He wakes up hours later, the sheets beside him cold, forgotten. He rolls unto his back, looks around for her to find nothing but empty space and her absence in the air. He sits up, swings his legs over the side and walks to the edge of the bed, puts his boxers on as he meticulously inspects the room, looking for changes. He's only warding off the inevitable, he knows. He goes in search of her, after a while.

She's sitting at her kitchen table, nursing a cup of newly brewed coffee between her palms. She wears pajamas, drawstring sweats and a practical black tank top. He knows she hasn't slept, wonders how long she waited before she moved away, once he convinced himself he could indulge a little more and fall asleep beside her. Wonders how he'd managed to fool himself into the belief that, come the morning, all would be well. It's not like he's really surprised, he's always been good at self – delusion.

He walks up to her, puts his hand on her shoulder, feels her body flinch away. He knows it's not surprise, she's been aware of him since he'd walked through the kitchen door. He identifies it as rejection, and discomfort. She's reacted this way to his touch only once before, on a garden in the wee hours of the night a lifetime away, but he's been guilty on both counts. At least this time he'd been aware of who it was, moving under him. The thought doesn't bring him much comfort.

It's time for reckoning, it seems.

He knew this would come, as he made the split-second decision of giving in to her (though he'd made that decision long ago, in another place, another time, a universe over) and walked through the threshold, mere hours before. Still, he wonders why he can feel his heart breaking, a little to left inside his chest. He should be impervious to these things by now, but nothing could ever prepare him for her. He sighs.

He comes around to sit partially on the table, facing her, his thigh resting over the cool surface almost casually. All it takes now is to wait; he knows she won't disappoint. It's all his fault anyway, it always is.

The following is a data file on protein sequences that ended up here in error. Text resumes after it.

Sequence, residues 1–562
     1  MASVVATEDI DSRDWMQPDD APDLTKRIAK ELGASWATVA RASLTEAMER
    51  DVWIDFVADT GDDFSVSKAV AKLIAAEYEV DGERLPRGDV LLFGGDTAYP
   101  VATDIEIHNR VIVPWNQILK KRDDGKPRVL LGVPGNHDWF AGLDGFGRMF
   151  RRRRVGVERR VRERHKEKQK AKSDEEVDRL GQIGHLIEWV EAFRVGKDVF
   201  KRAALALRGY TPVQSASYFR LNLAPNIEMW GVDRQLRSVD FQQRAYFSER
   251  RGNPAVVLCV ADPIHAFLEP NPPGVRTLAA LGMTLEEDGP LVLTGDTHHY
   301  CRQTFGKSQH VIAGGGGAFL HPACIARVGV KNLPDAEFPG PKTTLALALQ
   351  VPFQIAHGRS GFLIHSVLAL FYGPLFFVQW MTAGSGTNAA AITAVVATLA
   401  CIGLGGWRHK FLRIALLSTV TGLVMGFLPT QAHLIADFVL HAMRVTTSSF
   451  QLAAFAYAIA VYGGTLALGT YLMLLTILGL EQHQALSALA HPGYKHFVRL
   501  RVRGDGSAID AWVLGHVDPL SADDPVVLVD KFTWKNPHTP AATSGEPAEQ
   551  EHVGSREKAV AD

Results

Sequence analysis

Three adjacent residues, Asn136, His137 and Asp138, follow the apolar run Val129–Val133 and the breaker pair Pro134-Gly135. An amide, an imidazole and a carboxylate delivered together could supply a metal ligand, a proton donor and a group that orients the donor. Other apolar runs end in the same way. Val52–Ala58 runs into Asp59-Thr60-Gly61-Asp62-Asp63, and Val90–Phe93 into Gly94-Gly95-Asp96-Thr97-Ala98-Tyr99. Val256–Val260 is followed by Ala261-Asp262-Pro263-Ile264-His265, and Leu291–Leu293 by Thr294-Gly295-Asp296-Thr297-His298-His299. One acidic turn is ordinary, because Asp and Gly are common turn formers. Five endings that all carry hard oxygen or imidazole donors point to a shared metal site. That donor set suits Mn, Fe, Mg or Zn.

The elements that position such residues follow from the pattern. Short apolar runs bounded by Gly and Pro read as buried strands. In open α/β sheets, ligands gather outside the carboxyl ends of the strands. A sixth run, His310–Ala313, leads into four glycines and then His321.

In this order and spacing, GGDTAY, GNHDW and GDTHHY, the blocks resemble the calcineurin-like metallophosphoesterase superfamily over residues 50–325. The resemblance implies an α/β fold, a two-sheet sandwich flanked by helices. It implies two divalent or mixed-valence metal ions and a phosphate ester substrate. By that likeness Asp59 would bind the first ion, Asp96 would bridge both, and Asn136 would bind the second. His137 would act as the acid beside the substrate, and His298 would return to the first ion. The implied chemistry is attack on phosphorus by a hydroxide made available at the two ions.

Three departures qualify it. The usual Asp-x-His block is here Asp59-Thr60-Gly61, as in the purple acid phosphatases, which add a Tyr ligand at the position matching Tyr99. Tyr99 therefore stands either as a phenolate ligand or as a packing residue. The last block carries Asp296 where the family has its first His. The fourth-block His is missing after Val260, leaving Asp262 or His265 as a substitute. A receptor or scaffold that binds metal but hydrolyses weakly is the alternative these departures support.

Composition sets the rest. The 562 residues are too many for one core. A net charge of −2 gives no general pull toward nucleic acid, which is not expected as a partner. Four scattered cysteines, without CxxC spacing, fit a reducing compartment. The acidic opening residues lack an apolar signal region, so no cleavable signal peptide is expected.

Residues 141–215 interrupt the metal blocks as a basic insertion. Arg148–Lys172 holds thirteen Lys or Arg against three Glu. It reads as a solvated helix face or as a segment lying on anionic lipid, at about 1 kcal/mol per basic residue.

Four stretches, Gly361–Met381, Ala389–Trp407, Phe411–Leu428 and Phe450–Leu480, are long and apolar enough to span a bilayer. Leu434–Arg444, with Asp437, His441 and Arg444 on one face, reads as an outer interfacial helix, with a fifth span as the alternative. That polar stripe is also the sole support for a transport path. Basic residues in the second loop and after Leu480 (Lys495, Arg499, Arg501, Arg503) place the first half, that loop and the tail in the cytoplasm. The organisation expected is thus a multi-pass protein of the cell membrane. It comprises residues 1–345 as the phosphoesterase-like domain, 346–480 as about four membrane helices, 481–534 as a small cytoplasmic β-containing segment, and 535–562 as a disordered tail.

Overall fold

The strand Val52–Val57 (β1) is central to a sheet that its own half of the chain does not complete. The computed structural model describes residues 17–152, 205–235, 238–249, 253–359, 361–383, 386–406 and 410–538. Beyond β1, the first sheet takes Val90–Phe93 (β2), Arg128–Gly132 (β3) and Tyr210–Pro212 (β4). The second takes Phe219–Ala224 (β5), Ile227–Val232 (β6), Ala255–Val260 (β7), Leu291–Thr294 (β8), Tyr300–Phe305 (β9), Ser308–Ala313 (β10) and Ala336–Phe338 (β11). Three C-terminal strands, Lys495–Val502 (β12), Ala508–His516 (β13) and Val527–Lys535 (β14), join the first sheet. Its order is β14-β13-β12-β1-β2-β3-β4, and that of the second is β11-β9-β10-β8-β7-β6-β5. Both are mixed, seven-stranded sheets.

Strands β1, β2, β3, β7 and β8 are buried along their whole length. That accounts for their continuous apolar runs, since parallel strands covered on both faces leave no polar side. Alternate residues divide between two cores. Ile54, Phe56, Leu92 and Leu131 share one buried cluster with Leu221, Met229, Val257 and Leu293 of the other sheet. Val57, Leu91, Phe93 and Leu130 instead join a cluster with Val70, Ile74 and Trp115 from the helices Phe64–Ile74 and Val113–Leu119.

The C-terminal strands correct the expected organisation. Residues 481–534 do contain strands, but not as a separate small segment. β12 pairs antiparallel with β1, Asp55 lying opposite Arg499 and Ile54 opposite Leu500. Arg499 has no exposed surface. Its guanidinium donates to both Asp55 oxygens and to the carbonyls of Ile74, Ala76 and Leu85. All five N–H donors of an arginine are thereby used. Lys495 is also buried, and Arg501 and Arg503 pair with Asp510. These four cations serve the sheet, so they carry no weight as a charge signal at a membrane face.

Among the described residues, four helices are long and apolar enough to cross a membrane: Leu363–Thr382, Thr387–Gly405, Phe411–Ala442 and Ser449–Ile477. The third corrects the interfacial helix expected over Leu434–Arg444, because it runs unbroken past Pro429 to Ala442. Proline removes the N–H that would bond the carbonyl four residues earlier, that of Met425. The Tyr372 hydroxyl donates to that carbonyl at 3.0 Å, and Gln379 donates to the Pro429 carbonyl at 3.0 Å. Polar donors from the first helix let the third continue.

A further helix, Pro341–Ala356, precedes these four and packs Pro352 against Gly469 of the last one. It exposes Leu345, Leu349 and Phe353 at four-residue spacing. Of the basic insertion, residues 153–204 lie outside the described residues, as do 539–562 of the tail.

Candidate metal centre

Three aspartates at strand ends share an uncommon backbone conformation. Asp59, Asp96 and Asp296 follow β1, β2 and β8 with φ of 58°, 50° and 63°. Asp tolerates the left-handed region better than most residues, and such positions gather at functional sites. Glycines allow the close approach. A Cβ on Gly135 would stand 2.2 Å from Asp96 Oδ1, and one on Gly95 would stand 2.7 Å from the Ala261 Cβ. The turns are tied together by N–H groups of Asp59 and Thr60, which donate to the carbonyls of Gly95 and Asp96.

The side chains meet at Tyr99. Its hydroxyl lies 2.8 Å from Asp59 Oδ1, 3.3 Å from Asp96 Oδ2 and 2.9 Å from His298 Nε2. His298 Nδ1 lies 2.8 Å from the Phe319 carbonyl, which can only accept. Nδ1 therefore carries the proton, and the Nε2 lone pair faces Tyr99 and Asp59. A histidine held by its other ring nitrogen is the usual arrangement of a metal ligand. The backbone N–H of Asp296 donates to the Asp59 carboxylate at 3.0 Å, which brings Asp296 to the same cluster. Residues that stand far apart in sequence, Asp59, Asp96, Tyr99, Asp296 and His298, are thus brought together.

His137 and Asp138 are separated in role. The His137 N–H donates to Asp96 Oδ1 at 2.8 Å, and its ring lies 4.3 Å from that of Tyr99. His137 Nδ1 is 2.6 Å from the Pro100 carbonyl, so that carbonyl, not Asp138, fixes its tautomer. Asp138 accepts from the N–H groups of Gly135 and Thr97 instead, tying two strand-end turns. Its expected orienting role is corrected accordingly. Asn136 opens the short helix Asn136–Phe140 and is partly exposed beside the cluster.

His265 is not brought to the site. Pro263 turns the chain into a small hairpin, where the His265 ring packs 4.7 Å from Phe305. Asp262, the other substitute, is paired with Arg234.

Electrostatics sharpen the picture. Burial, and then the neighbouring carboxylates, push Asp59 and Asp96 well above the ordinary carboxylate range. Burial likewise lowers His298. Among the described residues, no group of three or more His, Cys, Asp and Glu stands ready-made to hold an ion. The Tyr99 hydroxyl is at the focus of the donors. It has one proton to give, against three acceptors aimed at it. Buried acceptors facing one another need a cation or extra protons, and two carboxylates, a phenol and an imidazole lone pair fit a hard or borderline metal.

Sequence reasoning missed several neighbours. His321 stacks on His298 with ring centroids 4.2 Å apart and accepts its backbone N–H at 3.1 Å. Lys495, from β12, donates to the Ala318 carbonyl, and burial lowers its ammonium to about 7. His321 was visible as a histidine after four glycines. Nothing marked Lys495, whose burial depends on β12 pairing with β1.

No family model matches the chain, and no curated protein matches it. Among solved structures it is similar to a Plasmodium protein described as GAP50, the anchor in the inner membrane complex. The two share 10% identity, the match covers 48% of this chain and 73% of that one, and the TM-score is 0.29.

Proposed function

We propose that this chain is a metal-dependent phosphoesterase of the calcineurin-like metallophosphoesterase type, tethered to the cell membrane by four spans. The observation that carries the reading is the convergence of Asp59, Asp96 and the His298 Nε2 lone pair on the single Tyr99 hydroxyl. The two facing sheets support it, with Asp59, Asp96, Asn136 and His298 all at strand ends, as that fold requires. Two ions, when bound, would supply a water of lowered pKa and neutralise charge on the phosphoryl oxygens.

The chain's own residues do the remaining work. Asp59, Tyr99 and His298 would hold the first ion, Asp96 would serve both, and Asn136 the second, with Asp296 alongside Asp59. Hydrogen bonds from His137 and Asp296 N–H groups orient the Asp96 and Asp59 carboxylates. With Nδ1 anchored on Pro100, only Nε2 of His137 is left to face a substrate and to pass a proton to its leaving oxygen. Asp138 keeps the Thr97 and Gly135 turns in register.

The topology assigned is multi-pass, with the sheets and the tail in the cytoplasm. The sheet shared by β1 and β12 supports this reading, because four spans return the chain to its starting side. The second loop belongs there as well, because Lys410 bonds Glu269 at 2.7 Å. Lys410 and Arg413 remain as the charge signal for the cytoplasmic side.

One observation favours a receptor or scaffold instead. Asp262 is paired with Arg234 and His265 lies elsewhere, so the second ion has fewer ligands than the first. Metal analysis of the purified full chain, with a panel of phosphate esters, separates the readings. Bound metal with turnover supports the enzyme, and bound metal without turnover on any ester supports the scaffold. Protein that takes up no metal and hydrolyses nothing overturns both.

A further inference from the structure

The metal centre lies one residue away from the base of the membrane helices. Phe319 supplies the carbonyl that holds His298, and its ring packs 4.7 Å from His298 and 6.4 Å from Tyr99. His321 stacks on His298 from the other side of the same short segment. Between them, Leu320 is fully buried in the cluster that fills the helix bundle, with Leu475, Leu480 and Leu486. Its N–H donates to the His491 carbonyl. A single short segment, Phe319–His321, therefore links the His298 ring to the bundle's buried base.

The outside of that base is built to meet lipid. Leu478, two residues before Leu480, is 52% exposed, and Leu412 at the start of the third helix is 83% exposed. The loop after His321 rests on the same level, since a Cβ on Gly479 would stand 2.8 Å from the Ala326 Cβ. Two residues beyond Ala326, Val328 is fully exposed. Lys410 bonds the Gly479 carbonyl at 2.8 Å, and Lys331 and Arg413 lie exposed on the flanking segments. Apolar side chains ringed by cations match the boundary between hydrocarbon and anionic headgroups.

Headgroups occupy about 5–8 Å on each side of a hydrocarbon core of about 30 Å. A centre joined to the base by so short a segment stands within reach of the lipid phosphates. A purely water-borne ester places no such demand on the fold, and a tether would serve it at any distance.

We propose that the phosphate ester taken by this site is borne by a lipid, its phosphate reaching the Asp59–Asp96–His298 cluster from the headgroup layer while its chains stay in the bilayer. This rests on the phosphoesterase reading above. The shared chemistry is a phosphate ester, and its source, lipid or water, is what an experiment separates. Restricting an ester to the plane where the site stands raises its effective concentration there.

"Would you like some coffee?" she asks, her voice tight, her eyes stuck to the murky depths of the liquid in her mug. Black, one sugar, he remembers. How could he forget?

"No, thank you." He says, his voice deep, tired, his tone business. He doesn't want to play games, not really. Let her say what she wants so he can go drink her weight in alcohol in the solitude of his tiny, FBI procured apartment. He wants to celebrate his failure in style.

"Peter," she says, her posture stiff, her shoulders straightening. It doesn't matter that she's in pajamas, in the middle of her kitchen after having had sex with him only hours ago, this in front of him is Agent Dunham. It has been years since he last saw her, and he can't really say he misses her. It's Olivia he wants, Olivia he gave his life to, but he has no say this time around, "This never happened."

Her voice is cool, collected, and he knows, by the hard green eyes meeting his stare, that she's not asking. He's being given an order. But he's never been a very good soldier, unlike her. He's always tended more towards insubordination than obedience. He raises his eyebrows, standing. There is nothing more to be done here anyway. He knows he'll do anything she says, he's never been able not to, and old dogs can't learn new tricks.

He nods, leaves the kitchen and starts putting his clothes on as he finds them. It doesn't take long until he's at her front door, her figure not having moved from the table; he hesitates before closing after him, stops, looks over his shoulder. There's no one there.

"Good night, Dunham." He says to the wind, the door clicking shut behind him not long after. He'll walk home, he decides. He doesn't know she heard him, clear as day, is not there to witness her shoulders fall as she crumbles into herself, a lone tear fall from the corner of her eye, his words wounding.

She'll go back to bed later that night and clutch her pillow to her face, his scent still there to comfort her. She'll greet the sunrise alone, only the belief of eternal solitude alive in her heart. She's too damaged anyway.


Needless to say it had happened again. And again. And again.